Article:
“What’s your name boy?”
Demanded the tweed-clad, German-speaking, paunch-bellied Deputy Headmaster into whom I had just collided on my first day at Grammar School.
His voice echoed around my head and the polished wooden corridors of the faux Elizabethan academe I would come to call jail.
I served five years of a life-sentence there.
“Parker, Sir” said the ever-shrinking, leather satchel laden mouse at Trum’s feet.
Why Mr Roslyn was called Trum, the mouse would never know.
“Parker, eh?” boomed the Teutonic Trum – “We know all about you.”
His words silenced the river-rushing sounds of the other boys flowing through the corridors,
With verbal spikes he nailed the mouse to the spot,
The spot which became the mouse’s Golgotha, to which he would return ad infinitum.
“What do you know about me?” begged the mind of the mouse.
“What can they know about me?” thought the boy of 11 years as he refused to give up tears.
The elder mouse can still smell the fusty tweed, still feel the button imprints on his flesh,
To this day he wipes blood from the nails with handkerchiefs as big as sails.
In years to come, when his brother skulked the same corridors and portals,
the teachers would say, “chalk and cheese”
of the shared DNA.
They would utter the same name and say with ease “chalk and cheese, chalk and cheese”.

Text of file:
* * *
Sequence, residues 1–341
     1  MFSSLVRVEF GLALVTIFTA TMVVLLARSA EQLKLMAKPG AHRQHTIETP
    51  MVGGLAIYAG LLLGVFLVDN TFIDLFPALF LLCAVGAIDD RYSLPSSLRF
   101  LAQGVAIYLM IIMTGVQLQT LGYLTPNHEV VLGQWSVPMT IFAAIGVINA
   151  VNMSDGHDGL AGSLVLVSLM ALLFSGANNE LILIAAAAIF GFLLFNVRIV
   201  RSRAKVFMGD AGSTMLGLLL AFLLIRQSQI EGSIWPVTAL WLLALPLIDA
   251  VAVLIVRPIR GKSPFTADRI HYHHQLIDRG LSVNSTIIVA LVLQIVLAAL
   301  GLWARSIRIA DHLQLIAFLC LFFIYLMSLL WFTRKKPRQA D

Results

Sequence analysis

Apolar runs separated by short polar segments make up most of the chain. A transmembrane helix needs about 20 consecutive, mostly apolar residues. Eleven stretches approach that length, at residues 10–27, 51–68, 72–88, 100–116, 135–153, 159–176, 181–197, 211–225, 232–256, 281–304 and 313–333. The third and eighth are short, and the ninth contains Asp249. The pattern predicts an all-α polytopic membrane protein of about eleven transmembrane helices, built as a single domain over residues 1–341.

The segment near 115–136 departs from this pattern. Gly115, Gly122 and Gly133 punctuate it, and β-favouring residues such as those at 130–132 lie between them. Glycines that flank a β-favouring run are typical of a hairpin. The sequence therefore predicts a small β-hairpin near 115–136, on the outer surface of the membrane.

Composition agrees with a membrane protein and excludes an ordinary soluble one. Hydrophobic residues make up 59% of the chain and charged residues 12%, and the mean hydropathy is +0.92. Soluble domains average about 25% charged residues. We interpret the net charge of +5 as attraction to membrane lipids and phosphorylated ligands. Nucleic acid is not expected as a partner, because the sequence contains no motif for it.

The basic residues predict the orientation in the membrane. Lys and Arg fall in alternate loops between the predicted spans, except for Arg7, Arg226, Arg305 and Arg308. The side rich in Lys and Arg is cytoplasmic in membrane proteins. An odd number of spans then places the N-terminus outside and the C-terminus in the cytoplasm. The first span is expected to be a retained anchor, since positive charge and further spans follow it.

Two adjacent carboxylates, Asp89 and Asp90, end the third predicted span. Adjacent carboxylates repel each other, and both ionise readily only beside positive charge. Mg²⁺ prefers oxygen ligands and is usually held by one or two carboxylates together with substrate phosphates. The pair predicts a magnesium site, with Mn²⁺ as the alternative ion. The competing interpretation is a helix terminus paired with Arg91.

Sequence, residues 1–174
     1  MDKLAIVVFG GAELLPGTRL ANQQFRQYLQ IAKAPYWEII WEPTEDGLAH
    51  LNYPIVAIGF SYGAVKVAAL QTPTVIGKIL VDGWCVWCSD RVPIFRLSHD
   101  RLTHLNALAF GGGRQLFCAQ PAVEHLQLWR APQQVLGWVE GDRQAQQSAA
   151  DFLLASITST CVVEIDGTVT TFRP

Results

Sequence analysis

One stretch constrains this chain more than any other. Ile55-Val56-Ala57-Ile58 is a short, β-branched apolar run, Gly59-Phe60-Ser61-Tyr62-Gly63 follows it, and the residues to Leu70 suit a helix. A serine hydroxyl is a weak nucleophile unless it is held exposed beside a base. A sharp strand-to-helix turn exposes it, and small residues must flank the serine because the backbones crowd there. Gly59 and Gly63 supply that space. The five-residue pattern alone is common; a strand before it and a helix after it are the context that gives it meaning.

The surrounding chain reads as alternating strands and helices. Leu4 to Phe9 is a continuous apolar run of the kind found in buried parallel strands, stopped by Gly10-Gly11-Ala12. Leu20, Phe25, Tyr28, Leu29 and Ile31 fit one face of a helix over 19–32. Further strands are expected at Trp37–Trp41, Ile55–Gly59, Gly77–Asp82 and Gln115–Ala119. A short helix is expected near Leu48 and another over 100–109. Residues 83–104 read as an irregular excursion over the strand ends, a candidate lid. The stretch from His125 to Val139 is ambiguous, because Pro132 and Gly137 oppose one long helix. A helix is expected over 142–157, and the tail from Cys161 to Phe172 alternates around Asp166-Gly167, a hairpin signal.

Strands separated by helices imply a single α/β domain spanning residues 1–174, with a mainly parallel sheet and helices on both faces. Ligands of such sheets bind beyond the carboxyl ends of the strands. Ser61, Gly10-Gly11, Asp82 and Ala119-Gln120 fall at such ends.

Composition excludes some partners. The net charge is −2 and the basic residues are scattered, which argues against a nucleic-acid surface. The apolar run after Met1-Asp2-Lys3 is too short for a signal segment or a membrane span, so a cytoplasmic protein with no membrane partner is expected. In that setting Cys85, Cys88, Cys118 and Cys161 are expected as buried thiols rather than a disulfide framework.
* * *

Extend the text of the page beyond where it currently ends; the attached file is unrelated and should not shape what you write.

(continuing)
What could those pedagogue gods profess to know, to comprehend, to understand of that boy?
How could they know what he himself did not yet know?
Could they see the coal in his seams, that ran through Roy, John, Arthur and from them, on into his veins?
Would they feel the steam from Henry’s Somerset train, and hear it call him home?
Could they hear Bartholomew’s sheep, while walking through a Devon field?
Would they weep, at an unmarked keep where the soil hides the truth of a hero’s death?
What could they have known? They knew nothing! Nothing, if not less.
They tried to name the mouse that day – “and from this day forth his name shall be failure, for he is legion and born of the wrong class.”
But they failed.
And yet in wronging, they were right, because I am legion, I am many and strong in name.
Six letters cannot, will not my character define, no matter what the letter of the law
A surname, one legal appellation; I have so, so many more.
Ask Rosalind Franklin to unfurl me, so that she might find
A list of teachers who taught me to fight, to love and to be kind.
Matriarchs to whom I owe so much, forgottten not, in me they stay,
The apron-clad potters of my youth, unnamed moulders of my clay
Their work-worn hands, calloused, yet tender in all their parts,
Tired cardigan shields, schooled me in the finest arts,
Titles appended and certified, their duties required no more,
It is in their name that this mouse roars.